2017 has seen the Indian currency go on a rollercoaster ride, with the Rupee gaining as much as 6 per cent against the USD in the first half of the year, but then depreciating by 2 per cent in the second half on the back of falling capital flows. Looking ahead, this turbulence is likely to sustain - a view supported by many of the over 250 companies who responded to IMA's Annual Business Performance Survey, which was run in November 2017.
78 per cent of firms expect the Rupee to drop below 65/USD levels by the end of March, 2018 (Chart 1), while only 8 per cent believe it will appreciate to 64/USD or higher. IMA's own expectation is that the currency could see a sharp drop, even briefly going past the 68/USD mark before the RBI steps in to pull it back up. Underlying this view is the possibility of capital outflows, especially following an expected December rate hike by the US Federal Reserve, as also a rising trade deficit, which will be exacerbated by a recent up-tick in oil prices. Historically, the Rupee tends to 'over-correct' when it faces downward pressures, so a V-shaped short-term trajectory would be par for the course.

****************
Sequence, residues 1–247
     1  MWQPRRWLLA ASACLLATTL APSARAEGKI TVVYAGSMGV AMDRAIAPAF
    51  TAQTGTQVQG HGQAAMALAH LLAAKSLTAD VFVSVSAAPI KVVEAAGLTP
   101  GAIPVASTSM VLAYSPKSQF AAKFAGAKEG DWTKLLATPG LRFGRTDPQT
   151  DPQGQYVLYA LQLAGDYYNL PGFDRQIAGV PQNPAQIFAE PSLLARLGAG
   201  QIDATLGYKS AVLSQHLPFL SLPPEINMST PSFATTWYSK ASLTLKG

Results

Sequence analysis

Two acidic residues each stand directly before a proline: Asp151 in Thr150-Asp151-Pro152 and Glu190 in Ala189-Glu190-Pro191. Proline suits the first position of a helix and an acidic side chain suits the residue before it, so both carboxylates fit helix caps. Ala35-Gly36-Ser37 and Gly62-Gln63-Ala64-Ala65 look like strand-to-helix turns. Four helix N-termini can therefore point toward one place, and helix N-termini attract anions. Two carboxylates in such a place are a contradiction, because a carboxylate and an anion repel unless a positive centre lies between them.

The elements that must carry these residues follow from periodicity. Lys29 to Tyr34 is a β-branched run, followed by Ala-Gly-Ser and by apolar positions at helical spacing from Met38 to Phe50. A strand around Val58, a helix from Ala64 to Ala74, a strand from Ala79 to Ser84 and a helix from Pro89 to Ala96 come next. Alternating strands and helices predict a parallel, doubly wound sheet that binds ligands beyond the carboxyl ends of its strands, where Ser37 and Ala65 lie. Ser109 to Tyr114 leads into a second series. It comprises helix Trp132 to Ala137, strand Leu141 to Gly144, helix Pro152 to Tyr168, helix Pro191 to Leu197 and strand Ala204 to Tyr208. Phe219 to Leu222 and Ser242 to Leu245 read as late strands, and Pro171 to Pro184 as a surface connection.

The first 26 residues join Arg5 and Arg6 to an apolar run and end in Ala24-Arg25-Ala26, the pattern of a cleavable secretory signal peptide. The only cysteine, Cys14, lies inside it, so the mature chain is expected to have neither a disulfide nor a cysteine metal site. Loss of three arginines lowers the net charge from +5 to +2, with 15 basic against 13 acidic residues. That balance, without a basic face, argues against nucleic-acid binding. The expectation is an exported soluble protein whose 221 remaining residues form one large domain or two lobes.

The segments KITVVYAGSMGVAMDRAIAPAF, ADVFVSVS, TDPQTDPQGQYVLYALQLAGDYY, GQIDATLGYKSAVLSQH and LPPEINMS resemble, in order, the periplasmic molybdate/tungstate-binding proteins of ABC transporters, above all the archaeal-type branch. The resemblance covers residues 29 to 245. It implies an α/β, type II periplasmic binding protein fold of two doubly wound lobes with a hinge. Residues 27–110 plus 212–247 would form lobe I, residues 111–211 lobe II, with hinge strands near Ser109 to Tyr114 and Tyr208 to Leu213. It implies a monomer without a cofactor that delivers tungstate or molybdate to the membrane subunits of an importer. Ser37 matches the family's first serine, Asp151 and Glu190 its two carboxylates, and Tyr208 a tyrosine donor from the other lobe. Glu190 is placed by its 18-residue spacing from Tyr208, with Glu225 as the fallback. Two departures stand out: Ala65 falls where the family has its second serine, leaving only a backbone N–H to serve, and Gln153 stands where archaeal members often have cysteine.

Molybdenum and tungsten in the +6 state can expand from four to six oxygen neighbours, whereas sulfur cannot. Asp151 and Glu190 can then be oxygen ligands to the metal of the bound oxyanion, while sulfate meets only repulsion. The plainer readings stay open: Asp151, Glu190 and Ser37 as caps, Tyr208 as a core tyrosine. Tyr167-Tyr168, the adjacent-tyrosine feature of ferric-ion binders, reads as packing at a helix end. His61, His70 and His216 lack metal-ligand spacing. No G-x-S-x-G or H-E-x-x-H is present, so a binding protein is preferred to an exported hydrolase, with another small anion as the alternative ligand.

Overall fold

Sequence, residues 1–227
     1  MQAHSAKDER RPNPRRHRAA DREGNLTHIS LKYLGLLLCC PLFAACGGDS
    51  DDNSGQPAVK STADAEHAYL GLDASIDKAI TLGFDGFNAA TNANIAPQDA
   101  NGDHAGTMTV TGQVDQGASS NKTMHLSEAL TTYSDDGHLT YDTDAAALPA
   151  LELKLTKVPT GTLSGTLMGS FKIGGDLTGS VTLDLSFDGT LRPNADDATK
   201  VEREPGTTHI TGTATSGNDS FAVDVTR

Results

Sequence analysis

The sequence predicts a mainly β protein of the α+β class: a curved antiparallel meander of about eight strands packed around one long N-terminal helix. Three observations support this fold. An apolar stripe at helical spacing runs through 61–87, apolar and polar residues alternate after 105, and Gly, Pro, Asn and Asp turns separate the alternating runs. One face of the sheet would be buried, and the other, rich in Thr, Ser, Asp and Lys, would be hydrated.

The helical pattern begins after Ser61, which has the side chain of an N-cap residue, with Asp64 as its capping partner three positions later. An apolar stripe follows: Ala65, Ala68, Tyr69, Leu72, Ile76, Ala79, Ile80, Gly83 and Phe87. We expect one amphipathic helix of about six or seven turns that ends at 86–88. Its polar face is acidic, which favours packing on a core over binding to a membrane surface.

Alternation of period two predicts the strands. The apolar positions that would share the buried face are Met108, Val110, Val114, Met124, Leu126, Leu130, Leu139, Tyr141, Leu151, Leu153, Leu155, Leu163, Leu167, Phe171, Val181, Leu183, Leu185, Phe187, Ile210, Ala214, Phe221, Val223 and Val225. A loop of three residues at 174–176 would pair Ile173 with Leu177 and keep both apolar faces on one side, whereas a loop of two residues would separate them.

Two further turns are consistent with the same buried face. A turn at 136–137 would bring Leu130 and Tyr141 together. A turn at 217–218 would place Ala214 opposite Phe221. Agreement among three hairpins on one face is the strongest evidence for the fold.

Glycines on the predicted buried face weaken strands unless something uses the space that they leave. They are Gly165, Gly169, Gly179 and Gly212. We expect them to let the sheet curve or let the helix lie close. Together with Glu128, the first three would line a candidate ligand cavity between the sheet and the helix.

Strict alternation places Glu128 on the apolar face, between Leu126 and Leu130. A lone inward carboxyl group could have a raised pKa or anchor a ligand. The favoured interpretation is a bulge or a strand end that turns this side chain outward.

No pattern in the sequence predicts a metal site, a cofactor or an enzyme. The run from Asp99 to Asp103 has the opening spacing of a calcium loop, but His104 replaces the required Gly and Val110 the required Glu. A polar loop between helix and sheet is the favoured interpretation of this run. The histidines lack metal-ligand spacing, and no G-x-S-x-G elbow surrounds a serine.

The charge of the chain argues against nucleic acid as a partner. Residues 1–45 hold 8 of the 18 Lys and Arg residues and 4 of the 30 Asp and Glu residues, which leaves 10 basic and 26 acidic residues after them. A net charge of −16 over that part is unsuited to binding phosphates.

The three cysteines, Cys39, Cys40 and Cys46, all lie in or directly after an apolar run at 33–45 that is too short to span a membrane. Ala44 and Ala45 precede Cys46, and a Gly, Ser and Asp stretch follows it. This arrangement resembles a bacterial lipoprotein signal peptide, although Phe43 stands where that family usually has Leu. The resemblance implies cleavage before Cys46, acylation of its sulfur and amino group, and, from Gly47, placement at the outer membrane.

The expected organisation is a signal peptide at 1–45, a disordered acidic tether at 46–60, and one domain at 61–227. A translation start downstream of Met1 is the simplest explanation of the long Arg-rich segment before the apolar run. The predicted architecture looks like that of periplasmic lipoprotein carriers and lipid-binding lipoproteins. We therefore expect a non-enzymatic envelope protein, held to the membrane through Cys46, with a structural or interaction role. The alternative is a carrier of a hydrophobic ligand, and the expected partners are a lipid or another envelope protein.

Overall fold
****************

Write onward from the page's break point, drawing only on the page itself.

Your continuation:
How are CFOs responding to this volatility in the forex markets? Exactly half of all Finance Heads report that currency fluctuations had a 'significant' impact on their P&L account last fiscal (FY17), and nearly as many expect this to be the case in FY18 as well (Chart 2). Curiously, though, many businesses choose not to hedge their exposures, in either the short- or the long-term (Chart 3). More curiously still, this is the case even among those
who either saw or expect to see a P&L impact: a full third (33 per cent) of such CFOs do not hedge in the short-term, while even more (57-66 per cent) do not cover their long-term positions. Of those organisations that do hedge, the majority cover at least 60 per cent of their shortterm positions, but a smaller share of their long-term exposures (Chart 4).
In terms of interest rates, the majority of businesses see either no change in the official (Repo) rate, or a small, 25 bps drop (Chart 5). With inflation perking up in recent months, and with global oil prices rising again, the RBI is, indeed, likely to opt for a 'wait-and-watch' strategy.